Normally, most of the children manage to keep their urine between 2-4 years old both day and night as a result of both the effect of toilet training and the development of bladder capacity. Night-wetting is often the result of a delay in bladder development, so its frequency decreases with age. When evaluated according to gender, it is seen that boys experience more wetting problems than girls. Families begin to deal with this problem around the ages of 5-6 and often seek help from doctors at the age of 7-8.

The causes of urinary incontinence can be physiological or emotional. If the problem is not solved with changes such as restriction of fluid intake, avoidance of carbonated drinks, you should seek expert support for other underlying causes. Urinary tract infections, chronic constipation, sleep problems, or excessive stress can lead to this condition.

Enuresis can be seen day or night. Although it is a worrying situation, families should be patient and remember that this is not the child’s fault. The child consciously does not pass urine and there are many ways to prevent this situation.

Urinary incontinence may be more common in children who have constipation problems, have no habit of going to the toilet regularly, have differences in physical development, and have anxiety problems. Due to the stressful situation caused by urinary incontinence, psychological problems arising from enuresis such as anxiety and self-confidence also arise. Getting expert support when needed will positively affect your child’s physiological and mental health.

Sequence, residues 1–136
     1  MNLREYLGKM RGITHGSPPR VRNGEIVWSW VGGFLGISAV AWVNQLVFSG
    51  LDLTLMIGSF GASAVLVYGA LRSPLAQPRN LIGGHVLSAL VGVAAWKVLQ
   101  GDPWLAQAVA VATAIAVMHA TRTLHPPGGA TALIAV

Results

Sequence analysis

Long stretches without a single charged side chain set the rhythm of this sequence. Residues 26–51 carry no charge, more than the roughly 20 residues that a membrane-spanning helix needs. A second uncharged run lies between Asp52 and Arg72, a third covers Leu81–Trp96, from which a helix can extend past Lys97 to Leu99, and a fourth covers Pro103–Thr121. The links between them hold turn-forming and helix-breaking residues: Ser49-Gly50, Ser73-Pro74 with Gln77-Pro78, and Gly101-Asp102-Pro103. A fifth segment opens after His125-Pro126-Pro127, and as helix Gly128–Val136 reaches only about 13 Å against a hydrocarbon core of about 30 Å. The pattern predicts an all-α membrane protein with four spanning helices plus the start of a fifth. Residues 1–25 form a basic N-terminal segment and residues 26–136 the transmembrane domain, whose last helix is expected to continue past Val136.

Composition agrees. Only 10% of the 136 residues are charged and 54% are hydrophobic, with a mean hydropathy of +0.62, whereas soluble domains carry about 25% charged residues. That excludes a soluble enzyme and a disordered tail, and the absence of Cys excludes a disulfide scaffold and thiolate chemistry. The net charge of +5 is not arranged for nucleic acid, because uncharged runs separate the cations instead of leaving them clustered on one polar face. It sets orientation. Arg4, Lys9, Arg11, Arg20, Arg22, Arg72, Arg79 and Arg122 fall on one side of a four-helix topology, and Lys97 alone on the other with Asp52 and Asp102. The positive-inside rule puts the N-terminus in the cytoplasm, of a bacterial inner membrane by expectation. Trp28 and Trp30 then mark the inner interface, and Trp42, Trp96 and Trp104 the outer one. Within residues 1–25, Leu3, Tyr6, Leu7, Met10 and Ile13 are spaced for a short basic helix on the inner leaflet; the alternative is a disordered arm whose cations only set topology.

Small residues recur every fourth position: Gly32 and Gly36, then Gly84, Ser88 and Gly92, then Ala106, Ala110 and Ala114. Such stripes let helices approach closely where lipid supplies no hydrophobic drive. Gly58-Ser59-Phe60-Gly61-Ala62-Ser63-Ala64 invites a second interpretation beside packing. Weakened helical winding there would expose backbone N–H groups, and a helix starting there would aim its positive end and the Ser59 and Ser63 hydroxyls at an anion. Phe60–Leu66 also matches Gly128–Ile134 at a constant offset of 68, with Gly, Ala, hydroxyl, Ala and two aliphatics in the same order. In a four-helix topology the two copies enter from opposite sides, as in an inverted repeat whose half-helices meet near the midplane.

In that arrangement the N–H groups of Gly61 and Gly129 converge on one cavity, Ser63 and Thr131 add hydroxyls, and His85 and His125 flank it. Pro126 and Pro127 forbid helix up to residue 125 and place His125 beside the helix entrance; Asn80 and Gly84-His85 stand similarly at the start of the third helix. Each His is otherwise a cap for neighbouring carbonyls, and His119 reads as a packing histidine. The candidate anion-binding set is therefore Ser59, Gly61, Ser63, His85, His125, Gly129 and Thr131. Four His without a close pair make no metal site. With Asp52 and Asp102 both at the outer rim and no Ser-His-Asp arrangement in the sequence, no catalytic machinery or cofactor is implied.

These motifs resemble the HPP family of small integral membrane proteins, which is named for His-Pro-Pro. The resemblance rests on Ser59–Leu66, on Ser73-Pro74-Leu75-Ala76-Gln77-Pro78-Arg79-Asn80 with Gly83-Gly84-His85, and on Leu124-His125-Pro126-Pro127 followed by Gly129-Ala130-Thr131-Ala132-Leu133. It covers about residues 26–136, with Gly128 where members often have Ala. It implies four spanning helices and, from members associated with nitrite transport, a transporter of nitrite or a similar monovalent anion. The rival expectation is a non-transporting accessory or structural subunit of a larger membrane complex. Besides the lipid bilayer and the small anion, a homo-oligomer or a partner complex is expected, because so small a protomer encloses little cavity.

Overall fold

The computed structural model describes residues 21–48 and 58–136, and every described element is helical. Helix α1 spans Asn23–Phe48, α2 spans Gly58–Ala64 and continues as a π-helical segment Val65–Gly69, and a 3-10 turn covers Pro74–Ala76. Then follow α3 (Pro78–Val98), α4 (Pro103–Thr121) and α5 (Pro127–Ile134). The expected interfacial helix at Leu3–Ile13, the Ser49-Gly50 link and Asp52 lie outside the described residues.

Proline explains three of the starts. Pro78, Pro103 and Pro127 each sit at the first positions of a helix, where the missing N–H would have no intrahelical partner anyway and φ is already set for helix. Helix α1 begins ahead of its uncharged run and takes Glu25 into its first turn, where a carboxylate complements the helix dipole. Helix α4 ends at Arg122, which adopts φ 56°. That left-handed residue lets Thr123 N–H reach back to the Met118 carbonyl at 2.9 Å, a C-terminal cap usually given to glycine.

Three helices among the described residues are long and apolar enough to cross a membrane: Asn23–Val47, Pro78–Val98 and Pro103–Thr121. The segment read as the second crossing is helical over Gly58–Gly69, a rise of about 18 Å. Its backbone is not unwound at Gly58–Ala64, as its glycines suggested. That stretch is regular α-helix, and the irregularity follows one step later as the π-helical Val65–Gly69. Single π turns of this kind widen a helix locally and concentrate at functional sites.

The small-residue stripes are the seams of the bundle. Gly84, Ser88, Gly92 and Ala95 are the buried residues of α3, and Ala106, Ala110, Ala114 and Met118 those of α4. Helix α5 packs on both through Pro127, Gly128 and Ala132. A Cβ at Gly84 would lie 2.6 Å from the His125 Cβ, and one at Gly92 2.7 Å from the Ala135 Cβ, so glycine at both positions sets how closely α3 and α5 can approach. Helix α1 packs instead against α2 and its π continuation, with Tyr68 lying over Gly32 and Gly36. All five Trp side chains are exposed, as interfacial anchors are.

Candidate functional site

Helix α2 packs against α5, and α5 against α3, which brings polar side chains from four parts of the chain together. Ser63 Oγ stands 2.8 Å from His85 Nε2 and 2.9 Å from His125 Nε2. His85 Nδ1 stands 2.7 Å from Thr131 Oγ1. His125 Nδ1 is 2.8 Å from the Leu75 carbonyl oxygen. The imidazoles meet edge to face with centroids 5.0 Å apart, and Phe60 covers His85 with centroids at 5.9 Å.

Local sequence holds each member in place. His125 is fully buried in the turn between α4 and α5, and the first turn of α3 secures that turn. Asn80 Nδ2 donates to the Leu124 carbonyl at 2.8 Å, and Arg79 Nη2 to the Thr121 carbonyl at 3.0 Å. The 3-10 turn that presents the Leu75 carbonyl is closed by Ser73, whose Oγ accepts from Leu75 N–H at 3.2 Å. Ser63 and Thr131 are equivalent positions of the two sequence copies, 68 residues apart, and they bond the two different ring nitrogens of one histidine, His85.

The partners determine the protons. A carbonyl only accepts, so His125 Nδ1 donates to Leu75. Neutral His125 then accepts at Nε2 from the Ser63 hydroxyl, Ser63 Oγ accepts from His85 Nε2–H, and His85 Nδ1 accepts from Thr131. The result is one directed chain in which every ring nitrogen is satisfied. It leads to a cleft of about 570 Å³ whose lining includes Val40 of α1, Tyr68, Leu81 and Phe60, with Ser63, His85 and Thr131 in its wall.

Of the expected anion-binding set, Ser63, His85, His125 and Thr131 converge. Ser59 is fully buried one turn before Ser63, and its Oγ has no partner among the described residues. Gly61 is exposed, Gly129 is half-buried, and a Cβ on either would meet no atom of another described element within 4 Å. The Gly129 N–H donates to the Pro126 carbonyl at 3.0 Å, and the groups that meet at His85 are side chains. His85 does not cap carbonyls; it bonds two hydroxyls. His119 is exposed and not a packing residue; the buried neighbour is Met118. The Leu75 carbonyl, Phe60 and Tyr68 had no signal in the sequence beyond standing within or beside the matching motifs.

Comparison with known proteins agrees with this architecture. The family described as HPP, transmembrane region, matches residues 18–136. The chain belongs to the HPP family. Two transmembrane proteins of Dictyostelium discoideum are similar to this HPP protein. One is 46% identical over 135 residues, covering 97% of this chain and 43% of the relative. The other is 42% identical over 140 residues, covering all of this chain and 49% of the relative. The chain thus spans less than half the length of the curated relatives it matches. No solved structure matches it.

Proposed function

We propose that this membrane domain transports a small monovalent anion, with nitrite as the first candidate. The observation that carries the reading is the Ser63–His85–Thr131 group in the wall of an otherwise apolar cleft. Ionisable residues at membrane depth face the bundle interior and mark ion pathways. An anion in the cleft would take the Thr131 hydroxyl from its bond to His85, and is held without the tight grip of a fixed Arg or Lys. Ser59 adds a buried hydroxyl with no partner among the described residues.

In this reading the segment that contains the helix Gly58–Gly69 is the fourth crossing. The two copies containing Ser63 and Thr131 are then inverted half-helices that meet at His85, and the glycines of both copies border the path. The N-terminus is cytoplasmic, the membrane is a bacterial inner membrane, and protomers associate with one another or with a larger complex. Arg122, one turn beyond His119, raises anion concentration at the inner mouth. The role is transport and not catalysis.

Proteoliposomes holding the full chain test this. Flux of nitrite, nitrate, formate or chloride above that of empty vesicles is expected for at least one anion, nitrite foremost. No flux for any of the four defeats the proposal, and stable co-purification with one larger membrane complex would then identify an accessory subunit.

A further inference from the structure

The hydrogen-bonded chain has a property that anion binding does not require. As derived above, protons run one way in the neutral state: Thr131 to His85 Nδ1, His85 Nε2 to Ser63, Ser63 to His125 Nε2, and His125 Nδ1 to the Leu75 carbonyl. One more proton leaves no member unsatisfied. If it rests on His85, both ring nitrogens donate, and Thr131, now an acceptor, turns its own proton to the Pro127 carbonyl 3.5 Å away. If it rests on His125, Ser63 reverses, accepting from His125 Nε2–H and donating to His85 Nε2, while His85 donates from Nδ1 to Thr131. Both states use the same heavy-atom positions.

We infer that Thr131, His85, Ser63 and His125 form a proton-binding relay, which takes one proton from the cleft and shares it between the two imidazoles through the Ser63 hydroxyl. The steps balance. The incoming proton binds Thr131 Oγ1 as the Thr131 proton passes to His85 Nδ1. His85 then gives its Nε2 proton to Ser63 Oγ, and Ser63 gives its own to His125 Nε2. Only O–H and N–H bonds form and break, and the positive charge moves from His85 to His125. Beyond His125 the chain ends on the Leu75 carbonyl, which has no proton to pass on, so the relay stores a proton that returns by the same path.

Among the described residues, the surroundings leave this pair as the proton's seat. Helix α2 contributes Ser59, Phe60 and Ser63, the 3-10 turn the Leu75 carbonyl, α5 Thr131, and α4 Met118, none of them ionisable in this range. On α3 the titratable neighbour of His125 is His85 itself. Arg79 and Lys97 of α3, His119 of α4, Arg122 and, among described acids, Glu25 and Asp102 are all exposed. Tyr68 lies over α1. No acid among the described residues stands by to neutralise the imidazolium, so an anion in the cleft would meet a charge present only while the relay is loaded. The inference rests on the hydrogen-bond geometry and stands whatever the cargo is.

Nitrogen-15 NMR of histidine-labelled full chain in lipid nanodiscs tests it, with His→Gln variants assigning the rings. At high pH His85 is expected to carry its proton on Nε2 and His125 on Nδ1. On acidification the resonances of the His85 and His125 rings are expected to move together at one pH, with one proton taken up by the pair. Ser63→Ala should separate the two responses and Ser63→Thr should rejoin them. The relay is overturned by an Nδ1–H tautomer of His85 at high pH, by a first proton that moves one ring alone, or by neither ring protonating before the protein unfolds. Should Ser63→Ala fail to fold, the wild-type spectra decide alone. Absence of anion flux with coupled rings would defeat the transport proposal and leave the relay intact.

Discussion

Urinary incontinence itself may be a symptom of different diseases rather than a disease. Therefore, if your child has such a complaint, it is important to consult your physician so that the underlying causes can be evaluated.

A large group (90-95%) of children wetting at night gather in the physiological wetting group. It is reported that these children feel inadequate bladder filling at night, their bladder capacities are small and their sleep depths are high. Problems such as diabetes, kidney diseases, and bladder diseases are detected in 2-3% of children who get wet. In addition, genetic causes are also important.

One or More of the Following Reasons May Cause This Situation:

  •         Urinary incontinence in the mother or father
  •         The child’s bladder muscles are not yet mature
  •         Excessive fatigue or consuming too much fluid before bedtime
  •         Structural problems in kidney and urinary tract
  •         Stress and anxiety problems (desire to attract attention for reasons such as family problems, changing home or school, joining the family with new siblings or envy of siblings)
  •         Emotional problems (Parental indifference or excessive attention, accidents or shocks experienced)
  •         Pressure during toilet training
  •         Attention deficit and hyperactivity disorder (ADHD)
  •         Constipation pressing on the bladder
  •         Diabetes (Diabetes)
  •         During the sleep, the body does not produce enough antidiuretic hormone (ADH).
  •         Obstructive sleep apnea syndrome
  •         Overactive bladder syndrome
  •         Small bladder
  •         Failure to feel the bladder is full while sleeping
  •         Urinary tract infections
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